Bill and Sue Lasser have worked at Clemson since the 1980s, and are excited to be embarking on their new adventure as faculty-in-residence. Bill, who is an Alumni Distinguished Professor of Political Science, has served as Director of the Calhoun Honors College since 2009. He was previously the Director of Clemson’s National Scholars Program. His research focuses on American politics and constitutional law; his most recent work deals with comparisons and contrasts between the United States and the European Union. He loves classical music, spy novels, the Pittsburgh Pirates, the Buffalo Bills, and the Buffalo Sabres. Sue recently retired after 28 years as founder and director of the Programs for Educational Enrichment and Retention (PEER) Office, the minority support network in the College of Engineering and Science. A counselor by training, Sue has been nationally recognized for her work in developing programs that increase minority student retention and success. While very much enjoying retirement, she has continued to work part time with the PEER/WISE Office. She loves singing and is a member of the Greenville Chorale. Bill and Sue have two children and two cats, all of whom are too old to move with them to their Core Campus apartment.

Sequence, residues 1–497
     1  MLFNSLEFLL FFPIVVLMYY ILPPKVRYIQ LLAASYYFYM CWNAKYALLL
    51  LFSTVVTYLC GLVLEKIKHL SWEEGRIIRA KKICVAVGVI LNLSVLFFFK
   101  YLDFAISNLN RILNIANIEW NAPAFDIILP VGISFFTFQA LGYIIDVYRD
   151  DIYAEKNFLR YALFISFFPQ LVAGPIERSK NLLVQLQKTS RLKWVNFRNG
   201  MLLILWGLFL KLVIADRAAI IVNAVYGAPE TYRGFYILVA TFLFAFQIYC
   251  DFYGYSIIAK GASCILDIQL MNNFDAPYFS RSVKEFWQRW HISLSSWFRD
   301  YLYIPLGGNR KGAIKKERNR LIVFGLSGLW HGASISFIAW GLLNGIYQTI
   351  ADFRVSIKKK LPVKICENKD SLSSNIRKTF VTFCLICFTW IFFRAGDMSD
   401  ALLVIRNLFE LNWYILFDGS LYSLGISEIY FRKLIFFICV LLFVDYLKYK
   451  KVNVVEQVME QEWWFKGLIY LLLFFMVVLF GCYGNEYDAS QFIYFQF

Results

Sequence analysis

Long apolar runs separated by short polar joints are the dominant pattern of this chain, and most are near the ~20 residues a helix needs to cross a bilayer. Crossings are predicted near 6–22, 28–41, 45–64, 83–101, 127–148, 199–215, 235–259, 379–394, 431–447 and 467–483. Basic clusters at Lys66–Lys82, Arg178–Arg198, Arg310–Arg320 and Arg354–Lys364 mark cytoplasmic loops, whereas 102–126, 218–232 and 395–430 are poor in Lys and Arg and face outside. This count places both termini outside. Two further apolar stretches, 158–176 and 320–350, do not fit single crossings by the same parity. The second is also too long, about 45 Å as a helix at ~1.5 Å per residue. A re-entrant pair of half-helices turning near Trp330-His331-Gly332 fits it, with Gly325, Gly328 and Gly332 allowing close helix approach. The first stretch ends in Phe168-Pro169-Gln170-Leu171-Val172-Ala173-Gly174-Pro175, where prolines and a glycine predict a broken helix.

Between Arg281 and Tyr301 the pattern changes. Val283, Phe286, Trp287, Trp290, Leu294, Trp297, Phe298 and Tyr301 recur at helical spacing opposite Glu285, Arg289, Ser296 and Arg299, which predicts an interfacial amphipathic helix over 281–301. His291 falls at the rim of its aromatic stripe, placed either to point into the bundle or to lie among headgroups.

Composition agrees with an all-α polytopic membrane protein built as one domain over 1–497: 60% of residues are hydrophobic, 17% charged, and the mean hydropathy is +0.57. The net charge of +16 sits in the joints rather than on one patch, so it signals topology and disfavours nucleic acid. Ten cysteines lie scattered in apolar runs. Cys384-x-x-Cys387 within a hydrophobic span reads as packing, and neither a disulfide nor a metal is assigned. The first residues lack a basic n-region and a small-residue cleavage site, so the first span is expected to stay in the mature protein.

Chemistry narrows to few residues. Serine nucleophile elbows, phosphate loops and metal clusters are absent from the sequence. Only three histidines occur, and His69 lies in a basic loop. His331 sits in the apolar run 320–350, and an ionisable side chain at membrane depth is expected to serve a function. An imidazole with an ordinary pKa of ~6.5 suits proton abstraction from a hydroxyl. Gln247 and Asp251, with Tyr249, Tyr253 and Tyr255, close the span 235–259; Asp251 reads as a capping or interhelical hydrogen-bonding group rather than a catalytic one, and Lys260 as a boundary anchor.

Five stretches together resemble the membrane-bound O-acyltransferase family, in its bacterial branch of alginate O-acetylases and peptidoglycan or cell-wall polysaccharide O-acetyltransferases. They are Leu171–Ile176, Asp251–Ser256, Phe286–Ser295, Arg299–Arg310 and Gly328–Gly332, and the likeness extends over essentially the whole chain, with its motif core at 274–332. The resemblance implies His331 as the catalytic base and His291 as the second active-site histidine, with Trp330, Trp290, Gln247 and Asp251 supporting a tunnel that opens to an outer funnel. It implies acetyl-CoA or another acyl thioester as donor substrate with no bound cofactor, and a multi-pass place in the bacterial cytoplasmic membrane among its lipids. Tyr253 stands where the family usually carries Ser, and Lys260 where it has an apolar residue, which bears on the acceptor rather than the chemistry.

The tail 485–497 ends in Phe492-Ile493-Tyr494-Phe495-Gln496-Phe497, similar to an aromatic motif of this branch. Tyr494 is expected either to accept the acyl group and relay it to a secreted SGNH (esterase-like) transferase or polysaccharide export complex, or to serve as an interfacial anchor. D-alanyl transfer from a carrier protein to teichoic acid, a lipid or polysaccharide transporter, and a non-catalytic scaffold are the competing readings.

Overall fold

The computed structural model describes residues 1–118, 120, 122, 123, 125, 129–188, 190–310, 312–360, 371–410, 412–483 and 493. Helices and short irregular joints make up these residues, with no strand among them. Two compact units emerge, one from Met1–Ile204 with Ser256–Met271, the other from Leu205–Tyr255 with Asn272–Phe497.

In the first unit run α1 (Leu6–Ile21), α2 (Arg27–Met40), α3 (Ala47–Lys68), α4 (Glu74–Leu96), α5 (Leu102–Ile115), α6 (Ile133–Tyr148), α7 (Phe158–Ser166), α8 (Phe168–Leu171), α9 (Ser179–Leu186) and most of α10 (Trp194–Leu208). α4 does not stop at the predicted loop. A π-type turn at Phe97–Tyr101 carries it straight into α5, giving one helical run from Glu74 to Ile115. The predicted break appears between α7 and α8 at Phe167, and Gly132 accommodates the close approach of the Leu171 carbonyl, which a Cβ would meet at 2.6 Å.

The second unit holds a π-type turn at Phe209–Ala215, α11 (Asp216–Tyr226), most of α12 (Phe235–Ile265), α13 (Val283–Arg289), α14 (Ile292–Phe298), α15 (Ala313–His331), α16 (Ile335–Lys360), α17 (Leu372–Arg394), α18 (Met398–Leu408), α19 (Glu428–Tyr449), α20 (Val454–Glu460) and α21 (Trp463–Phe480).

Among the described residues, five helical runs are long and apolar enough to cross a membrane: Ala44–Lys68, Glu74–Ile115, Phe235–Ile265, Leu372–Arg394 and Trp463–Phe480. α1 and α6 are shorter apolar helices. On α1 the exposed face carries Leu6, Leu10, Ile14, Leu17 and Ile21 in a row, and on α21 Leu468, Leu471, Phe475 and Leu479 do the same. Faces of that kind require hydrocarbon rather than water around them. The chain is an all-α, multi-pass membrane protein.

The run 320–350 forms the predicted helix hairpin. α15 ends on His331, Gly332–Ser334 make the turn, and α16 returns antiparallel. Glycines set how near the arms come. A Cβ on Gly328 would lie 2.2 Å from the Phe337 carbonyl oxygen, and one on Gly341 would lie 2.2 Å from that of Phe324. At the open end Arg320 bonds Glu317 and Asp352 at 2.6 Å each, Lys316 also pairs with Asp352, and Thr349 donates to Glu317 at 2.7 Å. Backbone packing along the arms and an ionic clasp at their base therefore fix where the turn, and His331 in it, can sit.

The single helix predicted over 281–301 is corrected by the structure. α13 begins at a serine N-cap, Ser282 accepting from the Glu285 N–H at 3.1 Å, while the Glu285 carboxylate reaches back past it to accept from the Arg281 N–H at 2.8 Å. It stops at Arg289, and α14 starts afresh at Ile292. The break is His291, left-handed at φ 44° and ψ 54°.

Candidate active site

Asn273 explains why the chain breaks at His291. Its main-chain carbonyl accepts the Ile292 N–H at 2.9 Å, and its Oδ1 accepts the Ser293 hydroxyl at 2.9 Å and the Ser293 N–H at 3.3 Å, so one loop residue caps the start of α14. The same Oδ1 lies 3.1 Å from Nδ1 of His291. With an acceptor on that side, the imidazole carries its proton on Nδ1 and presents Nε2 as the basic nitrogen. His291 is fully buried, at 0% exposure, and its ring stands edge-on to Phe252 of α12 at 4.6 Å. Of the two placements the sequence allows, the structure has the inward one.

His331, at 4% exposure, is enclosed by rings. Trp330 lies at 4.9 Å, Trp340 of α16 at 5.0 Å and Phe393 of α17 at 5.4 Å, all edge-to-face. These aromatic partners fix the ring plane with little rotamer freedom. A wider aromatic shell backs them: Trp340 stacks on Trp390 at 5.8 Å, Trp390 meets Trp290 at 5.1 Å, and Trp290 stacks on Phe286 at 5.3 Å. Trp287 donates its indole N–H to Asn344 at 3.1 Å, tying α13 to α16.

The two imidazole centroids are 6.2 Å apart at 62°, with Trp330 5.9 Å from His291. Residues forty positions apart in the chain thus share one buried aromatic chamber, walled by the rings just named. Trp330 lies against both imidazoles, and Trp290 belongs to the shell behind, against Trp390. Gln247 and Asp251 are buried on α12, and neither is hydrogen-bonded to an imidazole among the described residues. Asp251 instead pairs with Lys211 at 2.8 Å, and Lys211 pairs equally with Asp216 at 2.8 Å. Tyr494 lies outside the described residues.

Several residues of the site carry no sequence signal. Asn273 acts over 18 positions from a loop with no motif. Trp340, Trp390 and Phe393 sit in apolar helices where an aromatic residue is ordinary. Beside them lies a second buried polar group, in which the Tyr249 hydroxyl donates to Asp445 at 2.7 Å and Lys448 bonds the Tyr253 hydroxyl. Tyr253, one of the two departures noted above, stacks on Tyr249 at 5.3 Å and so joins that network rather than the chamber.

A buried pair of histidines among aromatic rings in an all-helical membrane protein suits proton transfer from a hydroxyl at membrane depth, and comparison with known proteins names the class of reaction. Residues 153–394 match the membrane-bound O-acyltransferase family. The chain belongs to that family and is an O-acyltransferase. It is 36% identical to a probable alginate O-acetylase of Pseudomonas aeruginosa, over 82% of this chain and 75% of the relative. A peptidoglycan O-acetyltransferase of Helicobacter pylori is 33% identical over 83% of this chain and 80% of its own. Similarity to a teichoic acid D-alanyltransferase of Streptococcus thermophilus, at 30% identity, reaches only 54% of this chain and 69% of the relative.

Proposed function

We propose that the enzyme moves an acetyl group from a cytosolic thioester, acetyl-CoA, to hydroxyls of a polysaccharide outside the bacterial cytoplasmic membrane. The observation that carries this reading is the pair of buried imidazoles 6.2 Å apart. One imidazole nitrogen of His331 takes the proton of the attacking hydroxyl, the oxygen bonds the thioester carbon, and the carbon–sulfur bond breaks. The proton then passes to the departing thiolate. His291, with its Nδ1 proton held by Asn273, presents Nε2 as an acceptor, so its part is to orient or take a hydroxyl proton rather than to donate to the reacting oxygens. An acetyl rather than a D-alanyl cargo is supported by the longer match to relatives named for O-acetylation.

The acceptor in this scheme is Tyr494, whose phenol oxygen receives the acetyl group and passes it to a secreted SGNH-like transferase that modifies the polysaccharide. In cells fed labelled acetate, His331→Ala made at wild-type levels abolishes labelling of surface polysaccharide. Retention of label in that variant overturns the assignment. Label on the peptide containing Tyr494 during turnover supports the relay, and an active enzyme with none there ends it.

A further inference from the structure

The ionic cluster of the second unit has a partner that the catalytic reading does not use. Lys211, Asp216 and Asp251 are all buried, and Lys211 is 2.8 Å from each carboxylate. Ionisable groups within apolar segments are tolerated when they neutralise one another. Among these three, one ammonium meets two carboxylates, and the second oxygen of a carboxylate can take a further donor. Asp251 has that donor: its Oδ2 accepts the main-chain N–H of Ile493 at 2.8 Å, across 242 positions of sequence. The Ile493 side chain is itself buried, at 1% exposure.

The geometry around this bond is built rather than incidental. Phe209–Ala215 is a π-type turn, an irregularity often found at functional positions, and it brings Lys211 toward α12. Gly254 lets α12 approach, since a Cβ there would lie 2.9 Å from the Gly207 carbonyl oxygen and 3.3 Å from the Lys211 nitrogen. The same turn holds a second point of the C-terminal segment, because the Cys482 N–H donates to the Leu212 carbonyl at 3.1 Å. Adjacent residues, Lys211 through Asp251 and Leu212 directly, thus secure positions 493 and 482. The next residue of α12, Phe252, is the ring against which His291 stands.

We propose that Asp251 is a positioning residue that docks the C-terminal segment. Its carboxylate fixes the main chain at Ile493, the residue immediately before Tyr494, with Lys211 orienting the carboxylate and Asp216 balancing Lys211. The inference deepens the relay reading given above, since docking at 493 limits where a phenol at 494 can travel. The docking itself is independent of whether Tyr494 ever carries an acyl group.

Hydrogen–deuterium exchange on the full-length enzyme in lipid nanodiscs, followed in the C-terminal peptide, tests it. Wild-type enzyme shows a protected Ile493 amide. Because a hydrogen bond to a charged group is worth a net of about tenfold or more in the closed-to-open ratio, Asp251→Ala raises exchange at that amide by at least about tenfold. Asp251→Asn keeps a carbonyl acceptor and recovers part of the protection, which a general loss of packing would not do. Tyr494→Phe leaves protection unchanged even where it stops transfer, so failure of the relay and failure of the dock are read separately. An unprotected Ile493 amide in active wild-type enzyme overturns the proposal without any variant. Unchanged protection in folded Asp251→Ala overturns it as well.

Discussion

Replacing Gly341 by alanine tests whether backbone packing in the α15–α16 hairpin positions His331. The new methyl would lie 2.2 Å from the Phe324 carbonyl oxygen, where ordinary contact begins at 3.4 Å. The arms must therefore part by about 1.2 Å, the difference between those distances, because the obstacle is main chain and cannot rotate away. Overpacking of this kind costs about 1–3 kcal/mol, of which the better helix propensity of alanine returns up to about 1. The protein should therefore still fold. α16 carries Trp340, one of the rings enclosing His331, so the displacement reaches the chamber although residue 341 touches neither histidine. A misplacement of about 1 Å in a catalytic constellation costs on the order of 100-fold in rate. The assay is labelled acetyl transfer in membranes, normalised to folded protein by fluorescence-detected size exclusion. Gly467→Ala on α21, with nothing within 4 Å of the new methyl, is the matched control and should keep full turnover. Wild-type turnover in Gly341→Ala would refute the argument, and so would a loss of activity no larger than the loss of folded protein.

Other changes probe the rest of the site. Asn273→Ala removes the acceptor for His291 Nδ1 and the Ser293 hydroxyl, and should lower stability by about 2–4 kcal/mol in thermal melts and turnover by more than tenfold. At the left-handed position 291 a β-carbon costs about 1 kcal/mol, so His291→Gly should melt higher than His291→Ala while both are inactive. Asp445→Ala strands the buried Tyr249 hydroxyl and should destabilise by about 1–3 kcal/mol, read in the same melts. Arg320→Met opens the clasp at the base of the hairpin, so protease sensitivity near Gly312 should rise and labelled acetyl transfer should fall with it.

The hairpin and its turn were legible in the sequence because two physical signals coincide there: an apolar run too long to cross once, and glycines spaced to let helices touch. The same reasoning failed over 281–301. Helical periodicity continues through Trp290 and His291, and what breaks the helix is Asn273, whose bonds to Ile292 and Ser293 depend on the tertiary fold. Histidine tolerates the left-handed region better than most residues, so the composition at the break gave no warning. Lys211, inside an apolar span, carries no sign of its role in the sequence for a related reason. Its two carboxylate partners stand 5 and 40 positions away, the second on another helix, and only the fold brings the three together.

Rachel Moore

An Associate Professor in the Department of History where she researches and teaches Latin American history.  She received the Dean’s Award for Excellence in Teaching in 2008 and the Gentry Award for Teaching Excellence in 2009.  Rachel helped create the FIRST Academy in the spring of 2015 where she facilitated workshops and mentored first-year students in the program.  Through her role as a faculty-in-residence, she engages with residents daily. Rachel and her two boys, Elijah and Marcos, will reside in Stadium Suites where they engage with residents in the primarily sophomore community.

Stephanie Pangborn